Wednesday, December 21, 2011

The Senseless

Scott Bradley


Thomas Merton went to Asia with a view to exploring the possibility of establishing a Christian monastic presence there to serve as a bridge between the meditative traditions of East and West. He was warmly received by leaders of those traditions and greatly impressed some with his own spirituality. It was in Bangkok, during this tour, that, after delivering a paper at a symposium, he returned to his hotel for a hot bath and nap and was electrocuted when he tried to move a fan. Thus ended his mission and his life.

This senseless death was greatly mourned by all those who knew him or had been inspired by his many writings. It was, indeed, an unfortunate loss. The senselessness of his death is made even more poignant by greatness of the man himself. And it is upon this senselessness that I wish to presently reflect.

In calling it senseless I have already expressed an opinion. It was not seemingly senseless; it was senseless. There was no reason, no purpose, no mysterious working of the hand of God. Shit happens. It's as simple as that.

You may disagree. Or you may suggest that we simply cannot know. And with this I can only concur. Nevertheless, the brute fact of the event remains; and though I do not wish to define it as either purposeful or senseless, the simple act of declaring I do not know somehow leaves me with a sense of the senseless. Perhaps I am failing of not-knowing.

Still, I find this sense of the senseless a deeply challenging experience. It rises as an impenetrable wall before the relentless pursuit of the 'normal human inclinations'. It cuts like a knife through the hunger for purposefulness. It calls into question all the strategies of egoic identity to affirm and reassure itself that it is real and meaningful.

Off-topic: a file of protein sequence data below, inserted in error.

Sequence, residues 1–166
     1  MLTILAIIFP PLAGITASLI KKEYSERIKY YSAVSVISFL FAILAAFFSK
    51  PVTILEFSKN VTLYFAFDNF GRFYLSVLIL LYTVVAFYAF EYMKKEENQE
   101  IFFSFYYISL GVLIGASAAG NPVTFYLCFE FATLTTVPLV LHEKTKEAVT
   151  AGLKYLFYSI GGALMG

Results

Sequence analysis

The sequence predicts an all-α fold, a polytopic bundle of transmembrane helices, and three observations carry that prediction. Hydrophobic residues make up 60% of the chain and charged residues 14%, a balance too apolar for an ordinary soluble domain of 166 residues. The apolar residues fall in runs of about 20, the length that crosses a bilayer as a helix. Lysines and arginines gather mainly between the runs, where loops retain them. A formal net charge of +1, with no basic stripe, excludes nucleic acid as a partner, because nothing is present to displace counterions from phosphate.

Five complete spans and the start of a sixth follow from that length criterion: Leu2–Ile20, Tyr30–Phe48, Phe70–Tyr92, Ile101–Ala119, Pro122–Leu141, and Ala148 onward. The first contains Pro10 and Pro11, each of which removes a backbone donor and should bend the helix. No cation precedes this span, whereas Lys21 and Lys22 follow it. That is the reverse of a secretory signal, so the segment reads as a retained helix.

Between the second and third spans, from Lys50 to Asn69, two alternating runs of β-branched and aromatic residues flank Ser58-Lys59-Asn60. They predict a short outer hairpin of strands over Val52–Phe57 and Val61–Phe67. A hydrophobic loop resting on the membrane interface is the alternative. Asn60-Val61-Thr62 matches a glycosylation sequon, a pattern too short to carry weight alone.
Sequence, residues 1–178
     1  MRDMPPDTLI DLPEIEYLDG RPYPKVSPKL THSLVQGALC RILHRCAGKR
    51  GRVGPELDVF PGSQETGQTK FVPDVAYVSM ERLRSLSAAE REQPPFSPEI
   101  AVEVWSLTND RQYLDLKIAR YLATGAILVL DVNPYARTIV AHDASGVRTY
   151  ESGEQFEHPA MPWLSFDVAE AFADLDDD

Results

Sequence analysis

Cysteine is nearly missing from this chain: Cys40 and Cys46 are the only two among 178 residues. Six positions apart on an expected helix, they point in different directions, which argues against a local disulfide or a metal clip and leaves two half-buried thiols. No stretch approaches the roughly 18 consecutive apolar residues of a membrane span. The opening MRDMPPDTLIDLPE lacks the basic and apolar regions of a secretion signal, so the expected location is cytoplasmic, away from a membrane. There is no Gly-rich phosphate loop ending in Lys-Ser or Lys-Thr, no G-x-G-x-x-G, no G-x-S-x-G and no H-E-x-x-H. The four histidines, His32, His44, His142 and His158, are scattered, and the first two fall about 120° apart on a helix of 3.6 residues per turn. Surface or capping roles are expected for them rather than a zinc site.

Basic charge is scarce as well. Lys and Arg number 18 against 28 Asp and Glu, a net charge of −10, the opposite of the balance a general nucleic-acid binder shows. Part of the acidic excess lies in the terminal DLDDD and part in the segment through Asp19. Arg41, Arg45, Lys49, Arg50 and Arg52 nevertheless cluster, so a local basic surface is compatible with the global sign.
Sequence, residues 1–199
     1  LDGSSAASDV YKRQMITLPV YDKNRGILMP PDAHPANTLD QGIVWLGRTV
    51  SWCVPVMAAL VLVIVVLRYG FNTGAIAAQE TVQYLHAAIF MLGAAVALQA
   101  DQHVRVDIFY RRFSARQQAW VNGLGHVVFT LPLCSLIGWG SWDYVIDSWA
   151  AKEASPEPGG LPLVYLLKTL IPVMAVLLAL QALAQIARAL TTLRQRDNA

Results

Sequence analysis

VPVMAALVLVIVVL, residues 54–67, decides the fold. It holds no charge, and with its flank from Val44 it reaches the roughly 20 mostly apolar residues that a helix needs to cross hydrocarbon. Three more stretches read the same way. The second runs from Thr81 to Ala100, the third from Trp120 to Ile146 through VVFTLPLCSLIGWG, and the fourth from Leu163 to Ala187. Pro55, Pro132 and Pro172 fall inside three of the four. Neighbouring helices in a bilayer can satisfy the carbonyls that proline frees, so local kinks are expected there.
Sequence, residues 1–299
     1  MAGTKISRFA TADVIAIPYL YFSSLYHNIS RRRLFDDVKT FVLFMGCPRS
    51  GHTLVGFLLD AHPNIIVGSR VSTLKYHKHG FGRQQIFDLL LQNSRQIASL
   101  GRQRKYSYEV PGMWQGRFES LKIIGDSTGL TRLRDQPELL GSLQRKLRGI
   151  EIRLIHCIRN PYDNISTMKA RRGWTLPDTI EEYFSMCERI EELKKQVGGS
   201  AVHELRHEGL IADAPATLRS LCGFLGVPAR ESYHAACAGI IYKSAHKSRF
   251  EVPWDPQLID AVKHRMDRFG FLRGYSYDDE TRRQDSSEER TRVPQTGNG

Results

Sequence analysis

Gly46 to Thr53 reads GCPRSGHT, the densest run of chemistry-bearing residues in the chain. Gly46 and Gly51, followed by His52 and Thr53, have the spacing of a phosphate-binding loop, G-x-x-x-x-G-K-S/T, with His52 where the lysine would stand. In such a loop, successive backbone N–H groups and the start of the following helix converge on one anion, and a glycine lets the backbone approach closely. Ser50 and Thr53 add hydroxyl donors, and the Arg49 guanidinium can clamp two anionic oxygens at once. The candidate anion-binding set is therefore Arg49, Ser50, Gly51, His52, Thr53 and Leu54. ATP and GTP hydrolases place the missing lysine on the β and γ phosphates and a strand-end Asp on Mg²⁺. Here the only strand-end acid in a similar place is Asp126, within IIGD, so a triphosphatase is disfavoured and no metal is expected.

These are the kinds of challenges which I see as a helpful means to breaking free of the shell egoic identity — the ones to which that identity most ardently rebels. This is a strategy, a method; it need not be declared the truth. Perhaps, were I able, I would simply snuggle into the warm and fuzzy blanket of hopeful belief. Thomas Merton, I suspect, had such a blanket, and he was a deeply spiritual man.

All these words are simply an attempt to offer up here, for your reflection, the apparent senselessness of things. Whether you choose to do so, and where those reflections take you, are entirely different matter.

You can check out Scott's other miscellaneous writings here.

6 comments:

  1. "All these words are simply an attempt to offer up here, for your reflection, the apparent senselessness of things"

    Even though you seem to hedge yourself, by stating that you do not know, there seems to be a leaning to a belief in your writing about the "apparent" senselessness of things.

    I ask you to contemplate this; is your gravitation to believe in the senselessness of life an attempt to make sense of your own life? If life is senseless, then your life makes more sense? Can this thinking also be a snuggling into a warm and fuzzy blanket of belief also? I'm just asking, without judging, because I do not really know. I for some reason habitual question why someone believes what they believe including my own beliefs. It is an interesting trail to follow.